Michelle Goldberg led off her July 1 column:
Say this for Donald Trump. He may be transforming American politics into a kleptocratic fascist reality show and turning our once-great country into a global laughingstock, but at least he’s humiliating John Bolton in the process.
Who could fail to read on?
That same day — I am so far behind! — Paul Krugman gave us The Moochers of Middle America.
The first two-thirds are definitely worth reading — the Democrats aren’t radical, he argues, Republicans are — but the final third is must reading:
. . . Last but not least, if your view is that the progressive agenda is morally wrong, that people shouldn’t receive more in government benefits than they pay in taxes, you should be aware how many Americans are already “takers,” “moochers,” whatever. In fact, we’re talking about a vast swath of the heartland that includes just about every state that voted for Donald Trump.
I’ve been reading a recent Rockefeller Institute report on states’ federal “balance of payments” — the difference for each state between what the federal government spends in that state and what it gets back in revenue.
The pattern is familiar: Richer states subsidize poorer states. And the reasons are clear: Rich states pay much more per person in federal taxes, while actually getting a bit less in federal spending, because Medicaid and other “means-tested” programs go disproportionately to those with low incomes. But the magnitudes are startling.
Take the case of Kentucky. In 2017, the state received $40 billion more from the federal government than it paid in taxes. That’s about one-fifth of the state’s G.D.P.; if Kentucky were a country, we’d say that it was receiving foreign aid on an almost inconceivable scale.
This aid, in turn, supports a lot of jobs. It’s fair to say that far more Kentuckians work in hospitals kept afloat by Medicare and Medicaid, in retail establishments kept going by Social Security and food stamps, than in all traditional occupations like mining and even agriculture combined.
So if you really believe that Americans with higher incomes shouldn’t pay for benefits provided to those with lower incomes, you should be calling on “donor” states like New Jersey and New York to cut off places like Kentucky and let their economies collapse. And if that’s what you mean, you should let Mitch McConnell’s constituents know about it. . . .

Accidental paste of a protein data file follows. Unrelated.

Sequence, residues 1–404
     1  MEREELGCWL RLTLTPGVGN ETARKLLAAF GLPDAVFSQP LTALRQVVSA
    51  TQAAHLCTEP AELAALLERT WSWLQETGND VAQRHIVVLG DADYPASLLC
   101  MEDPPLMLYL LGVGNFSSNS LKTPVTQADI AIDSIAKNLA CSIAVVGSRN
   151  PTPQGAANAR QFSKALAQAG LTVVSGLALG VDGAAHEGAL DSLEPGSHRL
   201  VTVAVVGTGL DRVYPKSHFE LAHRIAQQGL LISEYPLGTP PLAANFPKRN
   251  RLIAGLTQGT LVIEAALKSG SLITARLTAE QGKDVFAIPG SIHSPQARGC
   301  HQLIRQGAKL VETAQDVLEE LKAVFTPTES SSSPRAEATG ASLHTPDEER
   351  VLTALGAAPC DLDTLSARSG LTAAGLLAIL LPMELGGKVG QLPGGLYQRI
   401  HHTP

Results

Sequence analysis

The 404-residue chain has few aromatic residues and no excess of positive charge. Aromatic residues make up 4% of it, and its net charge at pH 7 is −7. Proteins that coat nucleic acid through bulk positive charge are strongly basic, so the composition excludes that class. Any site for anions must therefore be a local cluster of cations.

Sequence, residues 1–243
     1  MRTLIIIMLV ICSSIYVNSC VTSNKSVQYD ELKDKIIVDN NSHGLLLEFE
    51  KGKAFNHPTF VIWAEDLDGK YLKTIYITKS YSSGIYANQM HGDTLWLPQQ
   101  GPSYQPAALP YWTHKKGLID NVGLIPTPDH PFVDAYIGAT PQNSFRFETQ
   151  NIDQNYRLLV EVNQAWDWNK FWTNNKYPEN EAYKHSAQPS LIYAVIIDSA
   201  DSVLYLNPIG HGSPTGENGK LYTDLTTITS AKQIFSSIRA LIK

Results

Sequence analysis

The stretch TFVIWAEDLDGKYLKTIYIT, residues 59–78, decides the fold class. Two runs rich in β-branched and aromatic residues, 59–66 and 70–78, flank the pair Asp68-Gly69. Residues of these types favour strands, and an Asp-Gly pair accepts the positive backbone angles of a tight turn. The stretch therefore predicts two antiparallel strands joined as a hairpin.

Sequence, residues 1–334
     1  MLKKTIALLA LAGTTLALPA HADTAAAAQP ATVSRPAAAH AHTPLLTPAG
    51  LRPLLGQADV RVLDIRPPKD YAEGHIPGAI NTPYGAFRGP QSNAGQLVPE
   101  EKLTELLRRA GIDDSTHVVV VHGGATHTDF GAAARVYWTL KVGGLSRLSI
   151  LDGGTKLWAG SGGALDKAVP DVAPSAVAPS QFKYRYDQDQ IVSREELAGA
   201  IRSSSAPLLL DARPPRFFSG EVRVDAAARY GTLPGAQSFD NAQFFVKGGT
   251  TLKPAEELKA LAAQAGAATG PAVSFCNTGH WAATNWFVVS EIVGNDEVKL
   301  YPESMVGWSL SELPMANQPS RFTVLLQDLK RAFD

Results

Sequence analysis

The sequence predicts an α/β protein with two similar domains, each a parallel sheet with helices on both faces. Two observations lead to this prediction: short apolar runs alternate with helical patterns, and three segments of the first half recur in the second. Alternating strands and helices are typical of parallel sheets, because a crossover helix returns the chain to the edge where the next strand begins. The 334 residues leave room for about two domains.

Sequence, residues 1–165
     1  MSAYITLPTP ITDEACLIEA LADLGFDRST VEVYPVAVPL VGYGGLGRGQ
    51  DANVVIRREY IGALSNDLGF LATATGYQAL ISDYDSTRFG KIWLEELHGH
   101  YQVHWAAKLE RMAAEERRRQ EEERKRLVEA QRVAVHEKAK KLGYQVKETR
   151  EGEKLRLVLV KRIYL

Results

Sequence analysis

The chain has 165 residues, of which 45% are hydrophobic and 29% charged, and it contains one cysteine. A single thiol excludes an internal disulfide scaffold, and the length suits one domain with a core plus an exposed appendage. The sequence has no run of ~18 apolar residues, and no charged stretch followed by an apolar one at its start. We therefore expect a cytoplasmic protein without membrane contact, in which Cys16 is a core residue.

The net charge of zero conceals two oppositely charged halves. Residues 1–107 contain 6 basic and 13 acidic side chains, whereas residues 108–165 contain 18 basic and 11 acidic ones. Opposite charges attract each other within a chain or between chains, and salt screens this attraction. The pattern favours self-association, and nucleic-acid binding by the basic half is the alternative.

In a recent post, I asked whether any of you had tried Sweet Defeat.
Dr. Richard Feinberg: “I was so curious about Sweet Defeat that I ended up trying it. As far as the biochemistry, it really works the way they say it does. Right after I chewed one pill, I could not stand the taste of anything sweet. And at least for some period of time, I did not have cravings for anything sweet just because I did not want to have any more of the yucky taste.
“Now the hard part . . does the biochemistry of Sweet Defeat translate to an effective approach to weight loss? I really can’t say. However, based on just my own experience plus prior work with many patients who wanted to lose weight, I am somewhat doubtful. I don’t believe that this is some sort of magic elixir and that all you have to do is just take a few of these every day and voila . . the pounds just melt away. There is so much more involved in weight loss. Unless some of the motivational factors, movement and exercise, and psychological issues are able to be integrated into a weight loss program, I feel quite sure saying that Sweet Defeat will not work for most obese individuals. Things like a rebound effect are bound to occur in which people don’t take any pills during a part of the day or night in order to gorge out on sweets.
“This doesn’t mean that it won’t work for folks who want to lose, say 20 pounds or less. I have not tried using Sweet Defeat over a longer period of time with the express purpose of shedding some pounds. I would still think the more one includes other relevant factors and develops a realistic self-help program with tracking, the better the chances of success.”
→ For a lot of folks, help losing five or ten pounds could be worth looking into. (Full disclosure: I own none of this, but the lead investor is a friend.)